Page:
By Sharon DelVento
By Sharon DelVento

      October 16 was Oscar Wilde’s birthday. He was born in 1854 and died Nov. 30, 1900. His works always seemed to me, with the exception of The Picture of Dorian Gray, like champagne: light and scintillating, with occasional dips into profundity. 

Some critics feel that he never grew up. Whatever his problems or issues, I admire him for the qualities mentioned in this statement by a biographer: “Wilde always had a measure of innocence[;]…cruelty was not in his own nature.”

Here are some of my favorite Oscar Wilde lines:

“By the artificial separation of soul and body men have invented a Realism that is vulgar, an Idealism that is void.”

“Lord Illingworth: The Book of Life begins with a man and a woman in a garden. Mrs. Allonby: And it ends with Revelations.”

“The good ended happily; the bad, unhappily. That is what fiction means.”

“The truth is rarely pure and never simple.”

On bagpipes: “Thank Heaven there is no smell.”

I finished reading two biographies of Oscar Wilde, one by Hesketh Pearson, who spoke with people who had known Wilde personally, and the “definitive” one by Richard Ellmann, which, although much more recent and accurate, is much drier.

I was repulsed and saddened, not by Wilde’s sexual orientation, nor by the way his success went to his head, nor even by his excesses, which were, well, excessive, and difficult for me to fathom.

No, what made me a little ill was the fact that a man so witty, charming, generally kind, and generous to a fault should have fallen in love with the likes of Alfred Douglas, a spoiled, spiteful, self-absorbed, vindictive little twit who was so consumed with hatred for his own father – another real piece of work – that he used Wilde as “both shield and weapon,” to use Wilde’s phrase, against this cruel and insane parent, to the utter destruction of Wilde himself. There is this line in the movie The Perks of Being a Wallflower: “We accept the love we think we deserve.” In Wilde’s case, that is one scary thought.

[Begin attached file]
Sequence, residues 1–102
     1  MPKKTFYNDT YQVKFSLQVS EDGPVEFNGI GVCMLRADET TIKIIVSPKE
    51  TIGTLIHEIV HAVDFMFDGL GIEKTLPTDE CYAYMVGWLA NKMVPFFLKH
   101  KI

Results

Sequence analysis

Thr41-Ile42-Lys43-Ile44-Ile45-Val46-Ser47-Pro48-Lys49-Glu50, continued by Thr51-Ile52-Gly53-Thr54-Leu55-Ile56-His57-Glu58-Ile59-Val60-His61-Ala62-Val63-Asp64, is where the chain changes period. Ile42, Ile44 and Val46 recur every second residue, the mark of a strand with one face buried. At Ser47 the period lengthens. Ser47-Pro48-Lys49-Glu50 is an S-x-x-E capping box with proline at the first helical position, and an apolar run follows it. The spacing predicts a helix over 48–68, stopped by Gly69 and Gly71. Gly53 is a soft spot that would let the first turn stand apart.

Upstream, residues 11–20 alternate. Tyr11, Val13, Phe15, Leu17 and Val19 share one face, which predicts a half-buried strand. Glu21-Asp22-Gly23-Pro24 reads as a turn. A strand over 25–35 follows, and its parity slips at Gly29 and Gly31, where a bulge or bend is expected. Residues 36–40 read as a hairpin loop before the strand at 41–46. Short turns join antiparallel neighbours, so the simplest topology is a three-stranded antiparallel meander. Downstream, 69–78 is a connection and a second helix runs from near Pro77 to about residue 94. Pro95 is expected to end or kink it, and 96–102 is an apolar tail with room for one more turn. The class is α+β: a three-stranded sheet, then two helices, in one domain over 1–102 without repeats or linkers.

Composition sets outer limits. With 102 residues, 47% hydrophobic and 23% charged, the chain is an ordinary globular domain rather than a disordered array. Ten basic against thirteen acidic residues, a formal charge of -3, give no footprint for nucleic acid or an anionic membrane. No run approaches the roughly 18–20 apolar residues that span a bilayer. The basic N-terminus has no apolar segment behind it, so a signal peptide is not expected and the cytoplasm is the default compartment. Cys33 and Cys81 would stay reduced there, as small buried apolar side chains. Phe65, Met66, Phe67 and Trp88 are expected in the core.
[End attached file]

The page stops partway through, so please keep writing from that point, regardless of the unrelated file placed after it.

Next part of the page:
Wilde’s friends and family all tried to get him away from this human wrecking-ball, but to no avail. He was in love. Wilde himself knew that this high-maintenance drama addict was bad for him and for his art, and eventually the two parted, but not before Wilde had suffered the trauma and extensive damage of prison and exile. He was 46 when he died.

A passage from The Goldfinch by Donna Tartt poses a thought-provoking question (all ellipses and brackets mine):

“’Follow your heart.’…[But what] if one happens to be possessed of a heart that can’t be trusted---? What if the heart, for its own unfathomable reasons, leads one willfully and in a cloud of unspeakable radiance away from…all the blandly-held common virtues and instead straight towards a beautiful flare of ruin, self-immolation, disaster? … If your deepest self is singing and coaxing you straight toward the bonfire, is it better to turn away? Stop your ears with wax? … Set yourself on the course that will lead you dutifully toward the norm…all with a promise of somehow being a better person? Or---…is it better to throw yourself head first and laughing into the holy rage calling your name?”

Oscar Wilde, obviously, opted for the latter, and he is a shining advertisement for the importance of checking in with one’s brain once in a while, by showing what happens when one doesn’t.

We’ve all seen it, have we not? We’ve all been there on the sidelines, shaking our heads at the various unequal relationships and hasty decisions of certain friends, watching their Greek tragedy unfold before our eyes. “This will all end in tears, you mark my words,” we say, and sometimes it doesn’t, but often it does. We can plainly see that this isn’t going to work; that that way lies, at the very least, some bone-crushing or heart-breaking pain. But do those certain friends turn aside? No, of course not. In fact, attempts at dissuasion seem only to strengthen their determination.

Many of us have been the main actors in our own Greek tragedies. Sometimes we set our hearts on something, and nothing will divert us, even if it seems an obvious case of trying to pound a square peg into a round hole. Spiritual writer Anthony de Mello said, “When reality clashes with a rigidly-held belief, reality is generally the loser.” But only for a time; eventually we all must bow to reality or break.

Robert Heinlein said, “You live and learn. Or you don’t live long.”

After all is said and done, said Aesop, more is said than done; so when you finally take a chance on life or on love, and do something, even if you fall flat on your face, you’re still further along than you would have been otherwise.

But I’m not so sure that applies to old Oscar; I think he’d have